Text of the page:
Relatively unknown and free of mass tourism, the coastal city of Quy Nhon (the capital of Binh Dinh province in central Vietnam) will seduce those who love to travel off the beaten tracks.
Called ‘Pulo Cambi’ by Portuguese Jesuits who settled there in the 1620s, its origins date back to 11th century Champa culture.
Quy Nhon is also known as the birthplace of the eighteenth Vietnamese Emperor, Nguyen Hue. The city experienced a major U.S. military presence and its hinterland was the scene of heavy fighting during the Vietnam War. However, only a half-buried U.S. tank (on the beach, south of the Lan Anh Hotel) reflects this dark parenthesis of history.
Quy Nhon made up the main port for all military forces in Vietnam’s Central Highlands region. Almost all the supplies for the area were unloaded from ships moored in the port before being transported by aircraft.
A large number of U.S. Army support units were also based in the city and its suburbs, including a field hospital and a large supply center.
In 1975 the South Vietnam Navy evacuated its soldiers and some civilians before abandoning the strategic city of Nha Trang in May 1975, leaving North Vietnamese tanks and infantry to occupy nearly half of the territory of the Republic of South Vietnam.
Today, things have changed.
Quy Nhon has just begun to capitalize on its huge potential for tourism. At 42 km long, the coast is indeed remarkable with its white sand beaches. Abundant seafood is served in local restaurants at a price that defies competition.
And if historical remnants aren’t Quy Nhon’s greatest strength, we must admit the city and its outskirts still contain some interesting sites worth visiting.
The picturesque Queen’s Beach, in particular, deserves a visit.
Named in memory of last Vietnamese Emperor Bao Dai’s wife, Queen’s Beach is accessible via An Duong Vuong Street, with your back to the peninsula.
On the way, a paved road leads to a ledge where you can see the tomb of famous Vietnamese writer Han Mac Tu, one of the great figures of Vietnamese literature. Further on, you’ll come to the famous beach where you can stop for refreshments.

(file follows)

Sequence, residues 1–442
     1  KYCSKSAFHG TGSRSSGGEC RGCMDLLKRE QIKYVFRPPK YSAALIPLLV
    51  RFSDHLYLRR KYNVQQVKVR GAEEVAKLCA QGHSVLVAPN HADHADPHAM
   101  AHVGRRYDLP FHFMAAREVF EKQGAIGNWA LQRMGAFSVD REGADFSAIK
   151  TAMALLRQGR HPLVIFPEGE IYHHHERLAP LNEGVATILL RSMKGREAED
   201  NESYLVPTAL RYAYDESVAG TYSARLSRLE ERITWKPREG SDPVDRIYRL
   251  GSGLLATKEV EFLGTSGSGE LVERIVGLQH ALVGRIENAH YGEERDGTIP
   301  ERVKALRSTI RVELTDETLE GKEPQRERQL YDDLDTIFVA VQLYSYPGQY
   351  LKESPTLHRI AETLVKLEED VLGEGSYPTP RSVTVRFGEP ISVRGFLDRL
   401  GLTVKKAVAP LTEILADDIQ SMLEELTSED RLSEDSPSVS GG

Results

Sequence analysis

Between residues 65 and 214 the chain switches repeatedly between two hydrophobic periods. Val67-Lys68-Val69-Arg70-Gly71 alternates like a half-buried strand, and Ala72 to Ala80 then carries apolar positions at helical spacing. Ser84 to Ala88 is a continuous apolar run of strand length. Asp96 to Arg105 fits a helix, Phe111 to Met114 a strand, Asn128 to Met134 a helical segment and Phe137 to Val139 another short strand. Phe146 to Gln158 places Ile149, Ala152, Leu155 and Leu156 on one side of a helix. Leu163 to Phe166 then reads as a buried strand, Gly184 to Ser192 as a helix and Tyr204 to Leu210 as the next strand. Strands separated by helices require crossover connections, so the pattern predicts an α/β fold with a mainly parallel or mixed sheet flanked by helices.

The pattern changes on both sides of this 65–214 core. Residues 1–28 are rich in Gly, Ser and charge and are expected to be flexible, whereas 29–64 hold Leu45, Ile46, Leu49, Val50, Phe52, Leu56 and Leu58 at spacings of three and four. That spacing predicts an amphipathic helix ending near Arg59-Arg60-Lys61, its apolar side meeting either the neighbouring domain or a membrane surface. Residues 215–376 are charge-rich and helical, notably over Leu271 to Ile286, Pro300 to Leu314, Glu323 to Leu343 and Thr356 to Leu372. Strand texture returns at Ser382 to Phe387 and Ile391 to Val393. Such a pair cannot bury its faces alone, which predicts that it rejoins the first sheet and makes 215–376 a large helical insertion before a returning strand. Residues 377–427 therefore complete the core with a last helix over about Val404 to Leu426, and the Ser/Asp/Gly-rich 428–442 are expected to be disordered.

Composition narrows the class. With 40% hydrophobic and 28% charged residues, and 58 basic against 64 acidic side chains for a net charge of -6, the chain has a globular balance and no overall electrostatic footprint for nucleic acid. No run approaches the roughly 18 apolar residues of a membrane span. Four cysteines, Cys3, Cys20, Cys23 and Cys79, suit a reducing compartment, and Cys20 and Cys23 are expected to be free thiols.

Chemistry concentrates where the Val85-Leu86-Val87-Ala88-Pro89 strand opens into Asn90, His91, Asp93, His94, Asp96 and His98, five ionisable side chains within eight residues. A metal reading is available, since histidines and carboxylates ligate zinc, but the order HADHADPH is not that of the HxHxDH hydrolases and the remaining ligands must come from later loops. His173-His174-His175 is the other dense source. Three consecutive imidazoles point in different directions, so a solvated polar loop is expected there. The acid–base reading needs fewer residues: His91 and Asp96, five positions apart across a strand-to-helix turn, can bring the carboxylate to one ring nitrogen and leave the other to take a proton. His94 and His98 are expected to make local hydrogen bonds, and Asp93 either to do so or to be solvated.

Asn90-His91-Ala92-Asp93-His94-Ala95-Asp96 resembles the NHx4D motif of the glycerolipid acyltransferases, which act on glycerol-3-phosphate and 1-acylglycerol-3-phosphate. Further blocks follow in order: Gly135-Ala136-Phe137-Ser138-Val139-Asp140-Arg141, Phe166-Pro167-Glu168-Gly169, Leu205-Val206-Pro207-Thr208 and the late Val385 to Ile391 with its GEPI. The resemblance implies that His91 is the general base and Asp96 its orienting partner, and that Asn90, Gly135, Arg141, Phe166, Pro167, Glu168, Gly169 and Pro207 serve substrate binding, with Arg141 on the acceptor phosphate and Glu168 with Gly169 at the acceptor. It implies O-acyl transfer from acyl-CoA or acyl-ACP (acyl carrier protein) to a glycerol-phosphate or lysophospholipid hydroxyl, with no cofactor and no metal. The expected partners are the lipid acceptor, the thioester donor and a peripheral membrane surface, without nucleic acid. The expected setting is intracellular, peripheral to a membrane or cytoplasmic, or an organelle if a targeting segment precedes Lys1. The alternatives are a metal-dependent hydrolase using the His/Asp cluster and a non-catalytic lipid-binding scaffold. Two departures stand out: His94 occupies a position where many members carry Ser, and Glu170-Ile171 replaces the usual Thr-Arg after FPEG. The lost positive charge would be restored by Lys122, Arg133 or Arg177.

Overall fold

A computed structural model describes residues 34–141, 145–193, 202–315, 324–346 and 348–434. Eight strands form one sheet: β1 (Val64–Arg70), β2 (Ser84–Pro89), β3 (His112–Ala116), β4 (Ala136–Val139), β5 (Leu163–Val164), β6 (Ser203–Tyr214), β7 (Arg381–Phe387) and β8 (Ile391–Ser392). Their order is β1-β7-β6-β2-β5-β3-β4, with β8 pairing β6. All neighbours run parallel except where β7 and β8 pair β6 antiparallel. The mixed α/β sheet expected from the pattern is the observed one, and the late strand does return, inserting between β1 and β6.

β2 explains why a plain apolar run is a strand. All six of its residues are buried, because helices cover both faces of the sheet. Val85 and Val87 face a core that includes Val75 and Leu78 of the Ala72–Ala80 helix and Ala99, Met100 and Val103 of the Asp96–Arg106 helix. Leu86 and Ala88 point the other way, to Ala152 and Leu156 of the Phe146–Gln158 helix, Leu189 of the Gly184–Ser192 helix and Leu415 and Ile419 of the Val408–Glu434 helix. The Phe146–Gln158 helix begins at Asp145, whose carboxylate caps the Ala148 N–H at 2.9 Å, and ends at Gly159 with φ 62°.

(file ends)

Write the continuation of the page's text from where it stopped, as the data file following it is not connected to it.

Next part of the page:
Although not a good place for swimming, Queen’s Beach is interesting because of its many blue, egg-shaped, smooth stones superimposed on the small beach pummeled by waves. That is why Queen’s Beach is also called ‘Egg Stone Beach’.
Continuing on the road along the headland, you arrive at Qui Hoa Beach, very quiet and ideal for swimming. A hospital that specialises in treating leprosy has been built nearby. In its charming garden, you can admire statues of famous French and Vietnamese doctors. Visitors are welcome.
Arguably the best spot for swimming is probably Bai Dai Beach, a beautiful stretch of white, fine sand.
Located on 13.5 hectares, Bai Dai Beach is frequented by few tourists. With a beautiful view of Cu Lao Xanh Island, Bai Dai remains quite wild. Activities available from the beach include kayak trips to neighboring islands.
The Cham towers of Banh It (20 km north of Quy Nhon, at the top of a hill that boasts panoramic views of the countryside) and those nearest to Thap Doi are remarkable for their sculptures. Despite their years, both sites are in good condition and worth visiting.
If you have time, you can also have a look at Long Khanh Pagoda, Quy Nhon’s main pagoda, built in the 18th century and famous for its 17-meter-high Buddha.
- Binh Dinh Province is 1065 km from Hanoi and 680 km from Ho Chi Minh City. You can get to Binh Dinh by car, train or plane. Note that the train stops at Dieu Tri Train Station, about 10 km west of Quy Nhon.
- There is a VND 5000 admission fee to Queen Beach (plus an extra 2000 if you’re riding a motorcycle).
- You can go to the hospital that treats leprosy by turning left at the end of An Duong Vuong Street. The hospital entrance is well marked, a few hundred meters further down the road.